Adding authentication has greatly complicated the deployment process, and has created a learning curve for deploying the website. Instead of simply deploying the website, one must now create a seperate Authentication Application using the proper redirect URLs for deployment, load the keys into the environmental variables on the server, and then deploy.
While exploring authentication and ways to differentiate teachers from students from people in the Office of Assessment, I explored Active Directory and the various types of groups and structures.
During this time, my senior seminar project has taken over my life, and I have ended up spending more time on it than I have on more important things because I was so into what I was doing and I also felt like I needed to work hard on it or I wouldn’t complete it. Besides this, is important to maintain a healthy work-life balance. If you can’t do this, the project is worthless and you will be burnt out from the project.
Because of this, I decided to take a temporary break from the project and catch up on other classwork and get some much needed rest and relaxation.
iOS Development and Senior Seminar
In Senior Seminar, I needed to (mostly) completely restart on my Manuscript project, as both TensorFlow and Android Studio were both proving to be much more complicated systems than I initially believed.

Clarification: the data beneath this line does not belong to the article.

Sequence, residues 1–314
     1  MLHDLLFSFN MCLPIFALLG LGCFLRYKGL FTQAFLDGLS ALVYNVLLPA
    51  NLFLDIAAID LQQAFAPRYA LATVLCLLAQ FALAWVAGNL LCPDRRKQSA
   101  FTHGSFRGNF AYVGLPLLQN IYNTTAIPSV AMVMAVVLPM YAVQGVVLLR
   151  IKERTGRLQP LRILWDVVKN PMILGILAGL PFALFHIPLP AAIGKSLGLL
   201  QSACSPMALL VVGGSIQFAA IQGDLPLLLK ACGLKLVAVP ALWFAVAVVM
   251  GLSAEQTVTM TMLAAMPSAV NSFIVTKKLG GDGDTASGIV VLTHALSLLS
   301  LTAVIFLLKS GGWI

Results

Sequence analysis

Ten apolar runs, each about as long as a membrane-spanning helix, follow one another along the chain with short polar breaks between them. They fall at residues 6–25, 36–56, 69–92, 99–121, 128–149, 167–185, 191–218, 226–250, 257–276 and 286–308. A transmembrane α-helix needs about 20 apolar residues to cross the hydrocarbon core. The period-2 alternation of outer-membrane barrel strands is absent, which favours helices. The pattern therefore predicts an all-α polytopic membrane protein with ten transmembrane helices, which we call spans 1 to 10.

TensorFlow was a board with billions of confusing knobs, and each time I turned one of them, my results would drastically change. I was getting strange results such as my models only predicting 1 class or extremely high overfitting, and between changing my preprocessing, adjusting my layers, activation functions, and loss functions, I was completely at a loss.
I decided to set this aside for a moment and work on the Android app side of things.
Problems quickly arose. In order to draw a picture of a symbol that I created in Lightroom, I needed to first create a Drawable of the image file. This makes sense.
Next, you must place this Drawable on a Canvas. Rather than a Canvas being something that you can create in the Layout Editor, you must create a class that extends View, override onDraw(), and make Canvas as a parameter.